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Last updated: April 15, 2024

Auto Loan Calculator

Determine your monthly loan payments with our free auto loan calculator.

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Estimate Your Monthly Auto Loan Payment

To estimate your monthly car loan payments, enter the purchase price of the vehicle, how much you’ll put down, trade-in value if applicable, and any cash rebate. Our auto loan calculator will estimate your monthly payments and how much interest you’ll pay over the life of the loan.

What to Know About Auto Financing

Most people can’t pay in cash for a vehicle, so they apply for a car loan from a financial institution, such as a bank, credit union, or dealership-affiliated lender. Upon approval, the borrower receives the vehicle while committing to make monthly payments over a specified loan term, typically ranging from 24 to 84 months.

The interest rate, determined by factors like credit score and economic conditions, adds to the loan amount, affecting the overall cost. Longer loan terms may result in lower monthly payments but higher total interest.

Factors that affect your auto loan payments

Credit Score

Your credit score is a major factor in determining your interest rate. The table below will give you a sense of the interest rate you might get on your loan, depending on whether you buy a new or used car.1

Credit Score Average Interest Rate: New Cars Average Interest Rate: Used Cars
781-850 5.18% 6.79%
661-780 6.40% 8.75%
601-660 8.86% 13.28%
501-600 11.53% 18.55%
300-500 14.08% 21.32%


If your credit score is 600 or lower, we can help you find the best auto loans for bad credit.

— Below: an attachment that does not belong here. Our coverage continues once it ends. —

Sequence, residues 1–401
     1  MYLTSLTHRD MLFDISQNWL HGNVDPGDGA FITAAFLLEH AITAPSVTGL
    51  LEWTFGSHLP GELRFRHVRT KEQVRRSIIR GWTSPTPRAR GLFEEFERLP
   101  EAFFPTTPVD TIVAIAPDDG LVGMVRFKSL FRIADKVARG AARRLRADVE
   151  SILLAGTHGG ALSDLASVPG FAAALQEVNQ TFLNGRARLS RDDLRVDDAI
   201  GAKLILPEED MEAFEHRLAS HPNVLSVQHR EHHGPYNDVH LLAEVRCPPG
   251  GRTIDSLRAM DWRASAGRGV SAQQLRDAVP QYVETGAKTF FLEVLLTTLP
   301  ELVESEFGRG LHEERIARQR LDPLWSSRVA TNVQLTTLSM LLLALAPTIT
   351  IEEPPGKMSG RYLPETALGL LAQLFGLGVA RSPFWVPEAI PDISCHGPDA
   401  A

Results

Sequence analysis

New vs. Used Car

Your monthly payments will likely be lower for a used than new car. Even though used cars come with higher interest rates than new cars, the difference in vehicle price usually translates into lower monthly payments. The average monthly payment in the U.S. for a used car loan is $569, which is 22 percent below the $733 average new car monthly payment.2

In the long-term, it’s typically less expensive to own a used car, though it depends on the vehicle’s condition. Brands known to hold their value over time, like Toyota or Honda, will depreciate less quickly than other vehicles, like luxury cars.

Down Payment

The higher your down payment, the lower your monthly auto loan payments. If you’re trading in a vehicle, you can put its value toward the down payment. When you put more down, you also lower the amount of total interest you’ll pay over the life of the loan.

For example, let’s say you’re purchasing a $20,000 vehicle at a 10 percent interest rate, with a 60-month loan term:

Down Payment Down Payment Amount Monthly Payment
(10% APR, 60-month loan term)
Total Interest Paid Over Life of the Loan
0% $0 $425 $5,496
10% $2,000 $382 $4,947
20% $4,000 $340 $4,397

Loan Term

The loan term is the amount of time it will take you to pay back the loan, usually two to seven years. Shorter loan terms mean higher monthly payments, but less interest paid overall. Longer loan terms will lower your monthly payments, but you’ll pay more in interest.

For example, if you’re borrowing $18,000 at a 10 percent interest rate, here is how your monthly payments and total interest paid would change based on the loan term:

Monthly Loan Term Monthly Payment Total Interest Paid
24 $831 $1,935
36 $581 $2,909
48 $457 $3,913
60 $382 $4,947
72 $333 $6,009
84 $299 $7,101


Compare our top picks for the best 72-month auto loan rates.

Buying vs. Leasing

Buying a car typically involves paying more upfront and higher monthly payments than leasing. Leasing allows you to drive a new vehicle with lower initial costs and monthly payments. In the long run, buying generally saves you money compared to leasing, because eventually you own the vehicle and no longer have to make monthly payments. Our Lease vs. Buy Calculator can assist in making an informed decision.

Auto Loan Tips

Save for a Down Payment

To reduce the total amount you have to finance, have a down payment saved up. We recommend at least 20 percent, but even 10 percent can make a difference in lowering your interest payments.

Prepare for Additional Costs

The final price you pay will be higher than the sticker on the car window. Factor in expenses such as taxes, title fees, and future vehicle maintenance when calculating vehicle cost. If you’re not sure how much you can afford, our Car Affordability Calculator can help.